My obsession over King Kong reissues is documented elsewhere, with 1956’s engagement posing ongoing question as to why RKO would place a feature back in theatres so soon after selling it to television. Further digging into trade magazines and newspapers of that year revealed a strategy that not only generated more admission revenue for the venerable monster classic, but also brought Kong head-to-head with import out of Japan Godzilla, King Of The Monsters! (the exclamation mark being theirs, not mine). We know the two battled seven summers later when Universal released King Kong vs. Godzilla for 1963 school-outers, but here was a preliminary match all but forgotten. Based on its excellent showing on television during the past few weeks, "King Kong" will again be released for theatrical presentation by RKO, said company vice-president Walter Branson in April 1956. It has been withdrawn from future video airings and will be released in June. I’d always assumed that King Kong remained on airwaves once New York’s WOR premiered it in March 1956. The weeklong run (broadcasts every day) had been a sensation. As it turns out, only two stations nationwide played the film that Spring. Besides WOR, there was WHBQ in Memphis, Tennessee. Both were General Teleradio outlets and affiliated with new owners of TV rights in the RKO library. King Kong’s enormous success among limited home viewers did not go unnoticed. Theatrical distribution rights for the backlog remained with RKO, whose 1952 reissue had sold like gangbusters, so precedent was there for King Kong to do it again. Branson announced a 116-date saturation booking for June among California venues carefully picked. As before, summer vacation was adjudged most lucrative for a show with considerable youth appeal. A Val Lewton produced oldie would go out with Kong same as The Leopard Man had for 1952 dates. This time it was I Walked With A Zombie.





The combo bowed at twelve Los Angeles locations on June 27, 1956. Here were two black-and-white flat ratio vaulties plopped down amongst wide screen blockbusters Trapeze (at the Beverly Wilshire) and Cinerama Holiday (at the Hollywood Warner), with Oklahoma and The Man Who Knew Too Much continuing long runs on neighboring blocks. The King and I in Cinemascope-55 would open at Grauman’s Chinese the day after. More attuned to Kong/Zombie’s modest proportion was a horror/sci-fi coupling that started in eighteen locations the same Wednesday as the RKO's . That was The Black Sleep and The Creeping Unknown, with "Glamour Ghoul" Vampira and consort Tor Johnson making lobby appearances in four of the hardtops. According to Gary D. Rhodes in his amazing book Bela Lugosi --- Dreams and Nightmares, the screen’s foremost Dracula showed up as well (and unannounced) for one of those lobby receptions, with Forrest J Ackerman among others lending assist. Did Lugosi realize that two neighborhood Los Angeles theatres were that very night playing yet another engagement of his original Dracula, once again with the 1932 Frankenstein? For such an intersection of old with new, June 27, 1956 was a dazzling occasion for moviegoing in LA, even as King Kong’s determined successor waited in the wings to knock the twenty-three year old monster sovereign off his throne.























Makes "King Kong" Look Like a Midget! said ads for Godzilla, King Of The Monsters!, its arrival (July 11) in fourteen Los Angeles theatres and seven drive-ins being but two weeks behind Kong and I Walked With A Zombie (one venue that played both Kong/Zombie and Godzilla was Burbank’s Sun-Val Drive-In of White Heat fame). The RKO combo had closed after a single week with prints headed for other territories to continue the Summer run-off. Godzilla’s campaign made intentions clear. Here was the proposed new King of monsters, the title’s exclamation mark giving emphasis to Kong’s displacement by a four hundred foot tall, fire-breathing gargantuan (instead of merely punching out a train, Godzilla eats it!). Japanese filming had taken place in 1954. I’d assume it was shot in standard ratio, having watched a recently released DVD and getting no indication of that having been cropped from widescreen. Did 1956 patrons receive Godzilla with top and bottom shaved for projection through wide apertures aimed toward expanded screens? They’d have been firmly in place by that year. King Kong must have been compromised as well in theatres committed to wider presentation and unwilling to switch back to standard ratio for isolated reissues. I had bad experiences of my own during the sixties and seventies at houses where old films were chopped at the top by operators busily framing images up and down so we could see at least part of what was going on (of course, most didn’t bother doing even that). Godzilla was a show I hadn’t watched since childhood. The alternate Japanese version is better regarded these days, but I wanted to see what 1956 stateside audiences experienced, so it was me and Raymond Burr waiting a long twenty-eight minutes for the titular reptile to make his first appearance. After that brief disclosure, it was another eleven before Godzilla surfaced again to wreak signature havoc. Being a man in a rubber (?) suit, he looks best in subdued lighting. The darkness hanging over this picture lends atmosphere, if not conviction, that later color ones would lack. It occurred to me that Godzilla’s fame resulted most from his being given a strong name as opposed to more anonymous King Dinosaurs and Beasts From 20,000 Fathoms that had preceded him. The monicker denotes strength and the fact he was coronated King of all monsters had persuasive force that carried forward to innumerable follow-ups. Would Jurassic Park and sequels endure better had one of its monsters been personalized and elevated to stardom of its own?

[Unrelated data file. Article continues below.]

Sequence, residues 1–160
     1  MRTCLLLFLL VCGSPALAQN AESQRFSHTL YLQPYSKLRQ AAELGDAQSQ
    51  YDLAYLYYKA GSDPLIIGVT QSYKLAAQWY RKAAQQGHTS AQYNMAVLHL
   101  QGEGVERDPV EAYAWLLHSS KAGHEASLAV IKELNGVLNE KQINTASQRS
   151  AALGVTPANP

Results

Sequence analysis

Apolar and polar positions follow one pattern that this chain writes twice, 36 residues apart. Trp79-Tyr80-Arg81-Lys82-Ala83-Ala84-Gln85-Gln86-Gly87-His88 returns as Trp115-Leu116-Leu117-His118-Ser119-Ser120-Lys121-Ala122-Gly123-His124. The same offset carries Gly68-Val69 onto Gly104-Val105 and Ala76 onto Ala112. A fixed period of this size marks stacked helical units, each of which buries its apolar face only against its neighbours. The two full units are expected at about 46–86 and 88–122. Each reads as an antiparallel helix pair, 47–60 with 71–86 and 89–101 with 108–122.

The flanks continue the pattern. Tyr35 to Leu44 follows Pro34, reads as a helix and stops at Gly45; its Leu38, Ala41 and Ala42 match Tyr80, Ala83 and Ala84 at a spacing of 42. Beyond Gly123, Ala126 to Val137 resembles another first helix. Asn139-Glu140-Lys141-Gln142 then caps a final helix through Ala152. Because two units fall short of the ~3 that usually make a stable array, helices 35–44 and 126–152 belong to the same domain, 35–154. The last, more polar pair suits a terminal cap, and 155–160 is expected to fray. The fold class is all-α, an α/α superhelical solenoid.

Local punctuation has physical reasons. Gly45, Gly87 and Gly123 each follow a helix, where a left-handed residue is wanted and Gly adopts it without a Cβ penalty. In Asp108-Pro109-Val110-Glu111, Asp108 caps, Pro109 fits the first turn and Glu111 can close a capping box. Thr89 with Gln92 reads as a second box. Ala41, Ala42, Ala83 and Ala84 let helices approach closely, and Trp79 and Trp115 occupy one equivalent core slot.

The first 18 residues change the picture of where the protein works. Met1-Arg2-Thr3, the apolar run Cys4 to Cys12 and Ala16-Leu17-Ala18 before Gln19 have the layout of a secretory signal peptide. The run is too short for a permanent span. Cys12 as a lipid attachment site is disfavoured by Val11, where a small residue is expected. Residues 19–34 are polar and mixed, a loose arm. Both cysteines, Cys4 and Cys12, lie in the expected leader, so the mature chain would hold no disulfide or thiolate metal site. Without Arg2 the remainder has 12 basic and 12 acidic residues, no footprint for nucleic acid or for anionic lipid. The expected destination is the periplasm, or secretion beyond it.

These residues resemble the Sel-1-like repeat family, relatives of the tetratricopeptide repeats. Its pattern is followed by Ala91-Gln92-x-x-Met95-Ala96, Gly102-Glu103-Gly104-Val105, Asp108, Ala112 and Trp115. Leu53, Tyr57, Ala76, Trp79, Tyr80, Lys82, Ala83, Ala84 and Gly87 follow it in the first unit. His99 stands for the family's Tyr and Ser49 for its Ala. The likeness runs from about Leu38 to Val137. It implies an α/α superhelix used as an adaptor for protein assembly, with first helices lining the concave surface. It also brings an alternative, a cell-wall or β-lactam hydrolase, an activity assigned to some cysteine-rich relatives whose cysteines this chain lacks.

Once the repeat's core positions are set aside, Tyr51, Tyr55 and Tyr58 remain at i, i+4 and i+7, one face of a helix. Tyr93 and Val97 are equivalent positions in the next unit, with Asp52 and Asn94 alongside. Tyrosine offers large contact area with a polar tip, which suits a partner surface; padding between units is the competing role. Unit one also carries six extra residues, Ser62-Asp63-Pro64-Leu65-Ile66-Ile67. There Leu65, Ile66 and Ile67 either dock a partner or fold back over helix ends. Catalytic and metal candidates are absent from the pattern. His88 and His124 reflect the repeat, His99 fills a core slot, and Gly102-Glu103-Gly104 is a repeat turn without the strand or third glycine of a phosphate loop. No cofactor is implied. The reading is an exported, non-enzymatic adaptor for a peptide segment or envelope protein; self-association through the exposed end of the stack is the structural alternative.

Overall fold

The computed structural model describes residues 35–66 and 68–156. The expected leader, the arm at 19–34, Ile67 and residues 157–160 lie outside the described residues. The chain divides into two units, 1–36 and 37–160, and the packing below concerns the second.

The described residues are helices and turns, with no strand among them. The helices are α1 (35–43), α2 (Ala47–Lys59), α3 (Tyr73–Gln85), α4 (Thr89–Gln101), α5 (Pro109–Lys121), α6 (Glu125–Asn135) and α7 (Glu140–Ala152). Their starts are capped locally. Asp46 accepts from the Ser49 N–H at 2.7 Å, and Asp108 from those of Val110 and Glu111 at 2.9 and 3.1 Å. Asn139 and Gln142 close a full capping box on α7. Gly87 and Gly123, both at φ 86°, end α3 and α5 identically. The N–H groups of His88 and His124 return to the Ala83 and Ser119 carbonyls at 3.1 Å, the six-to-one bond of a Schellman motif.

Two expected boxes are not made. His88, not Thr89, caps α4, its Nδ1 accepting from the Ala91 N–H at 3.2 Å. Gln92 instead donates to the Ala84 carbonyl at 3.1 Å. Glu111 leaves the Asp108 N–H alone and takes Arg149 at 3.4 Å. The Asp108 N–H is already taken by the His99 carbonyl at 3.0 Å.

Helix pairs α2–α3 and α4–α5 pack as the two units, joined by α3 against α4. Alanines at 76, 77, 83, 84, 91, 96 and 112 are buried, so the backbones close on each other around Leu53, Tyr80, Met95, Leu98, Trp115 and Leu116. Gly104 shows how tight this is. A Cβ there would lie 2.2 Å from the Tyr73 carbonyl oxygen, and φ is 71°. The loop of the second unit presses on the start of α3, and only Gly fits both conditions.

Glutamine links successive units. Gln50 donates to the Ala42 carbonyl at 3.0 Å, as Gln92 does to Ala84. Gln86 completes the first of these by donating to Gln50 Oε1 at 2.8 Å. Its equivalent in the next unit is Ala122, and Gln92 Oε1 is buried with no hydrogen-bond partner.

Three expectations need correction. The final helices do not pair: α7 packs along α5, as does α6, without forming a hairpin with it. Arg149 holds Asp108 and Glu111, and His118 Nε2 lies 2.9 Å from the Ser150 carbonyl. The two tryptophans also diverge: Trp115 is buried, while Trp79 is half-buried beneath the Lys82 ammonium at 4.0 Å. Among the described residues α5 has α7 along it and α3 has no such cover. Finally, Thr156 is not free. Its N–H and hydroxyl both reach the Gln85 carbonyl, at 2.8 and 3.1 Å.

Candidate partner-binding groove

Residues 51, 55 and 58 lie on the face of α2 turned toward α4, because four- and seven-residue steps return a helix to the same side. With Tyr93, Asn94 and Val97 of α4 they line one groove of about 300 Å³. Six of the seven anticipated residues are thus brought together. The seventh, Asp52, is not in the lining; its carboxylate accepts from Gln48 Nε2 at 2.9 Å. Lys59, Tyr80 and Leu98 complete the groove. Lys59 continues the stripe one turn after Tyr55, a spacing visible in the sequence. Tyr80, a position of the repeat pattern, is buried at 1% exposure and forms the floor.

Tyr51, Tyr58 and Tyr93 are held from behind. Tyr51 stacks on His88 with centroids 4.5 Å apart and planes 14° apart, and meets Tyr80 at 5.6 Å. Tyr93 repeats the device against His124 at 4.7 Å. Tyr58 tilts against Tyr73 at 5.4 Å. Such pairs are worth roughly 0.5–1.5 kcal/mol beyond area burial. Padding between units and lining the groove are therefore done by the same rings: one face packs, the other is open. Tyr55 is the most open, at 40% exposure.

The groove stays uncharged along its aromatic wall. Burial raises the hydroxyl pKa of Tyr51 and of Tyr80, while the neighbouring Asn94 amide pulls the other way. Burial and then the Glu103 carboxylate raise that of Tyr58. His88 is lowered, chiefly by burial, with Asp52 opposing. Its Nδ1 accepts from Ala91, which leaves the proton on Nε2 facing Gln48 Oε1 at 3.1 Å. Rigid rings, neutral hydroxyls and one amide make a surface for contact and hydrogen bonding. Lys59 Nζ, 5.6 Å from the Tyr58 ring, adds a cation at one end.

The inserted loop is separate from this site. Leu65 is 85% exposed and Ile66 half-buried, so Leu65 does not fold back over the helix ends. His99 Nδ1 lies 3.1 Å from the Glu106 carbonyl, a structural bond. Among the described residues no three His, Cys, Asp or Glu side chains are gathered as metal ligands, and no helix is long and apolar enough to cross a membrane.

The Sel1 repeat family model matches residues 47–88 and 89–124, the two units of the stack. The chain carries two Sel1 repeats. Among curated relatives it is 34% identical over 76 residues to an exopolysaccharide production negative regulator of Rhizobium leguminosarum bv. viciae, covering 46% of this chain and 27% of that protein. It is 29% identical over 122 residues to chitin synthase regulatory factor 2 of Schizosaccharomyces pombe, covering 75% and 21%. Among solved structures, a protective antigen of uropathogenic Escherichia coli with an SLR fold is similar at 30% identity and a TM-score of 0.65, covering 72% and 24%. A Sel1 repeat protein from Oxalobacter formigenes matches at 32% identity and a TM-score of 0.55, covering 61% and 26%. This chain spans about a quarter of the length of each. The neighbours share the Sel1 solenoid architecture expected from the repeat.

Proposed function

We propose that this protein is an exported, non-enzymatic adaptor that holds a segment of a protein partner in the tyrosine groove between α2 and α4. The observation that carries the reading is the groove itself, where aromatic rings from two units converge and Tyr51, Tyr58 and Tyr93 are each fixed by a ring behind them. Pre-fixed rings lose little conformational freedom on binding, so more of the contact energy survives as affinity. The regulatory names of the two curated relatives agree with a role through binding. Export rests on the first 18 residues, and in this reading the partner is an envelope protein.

The King Kong/I Walked With A Zombie parlay continued successfully through Summer 1956. Pittsburgh reported the combination doing surprisingly well, despite patron knowledge that both would likely be back on television before long (others of the RKO library were meanwhile fanning out on home screens nationwide). Walked in with a home run weekend. I’m still trying to figure out what or why, said incredulous showman Donald L. Rexroad of Falconer, New York’s State Theatre, To have given this to TV when it still has this much business in it is unbelievable. Rexroad’s business with King Kong was reported at 30% above average, but of co-feature I Walked With A Zombie, he was more reserved. This one did not hold up its end of the program --- not enough thrills and chills to keep the audience interest at the peak "King Kong" had left it. Was RKO wise to have dualled these two? Zombie with its subdued effect couldn’t help but pale beside Kong’s dynamic showmanship. Given a choice among that company’s inventory, I’d have picked The Thing to accompany the big ape back into theatres (Howard Hawks’ thriller would instead be reissued the following year). Exhibitors agreed that King Kong was still boxoffice after all these years, unlike numerous oldies written off as decrepit even as they were TV bound. Don’t pay too much and you can bank well on Monday, said manager Joe Meyer of Ione, California after a profitable Kong-weekend. Ballyhoo updated for 50’s consumption included the (above) mechanized King Kong appearing "in person" on WFBM/Indianapolis during its daytime Open House Show, where the gorilla loomed over performing rock n’ rollers. Godzilla, King Of The Monsters! meanwhile played numerous situations in direct competition with King Kong, as here in side-by-side ads from a Cleveland, Ohio newspaper in September 1956. RKO’s Mighty Monarch Of Melodramas would maintain its legendary status into the sixties and beyond, with theatrical life enhanced by replacement of footage out since 1933. Continued television exposure did not disqualify King Kong from paid admissions as it would Godzilla, a flash-in-the-pan recognized as such by distributors who sold the would-be usurper to free-vee in April 1958, less than two years after it premiered in US theatres.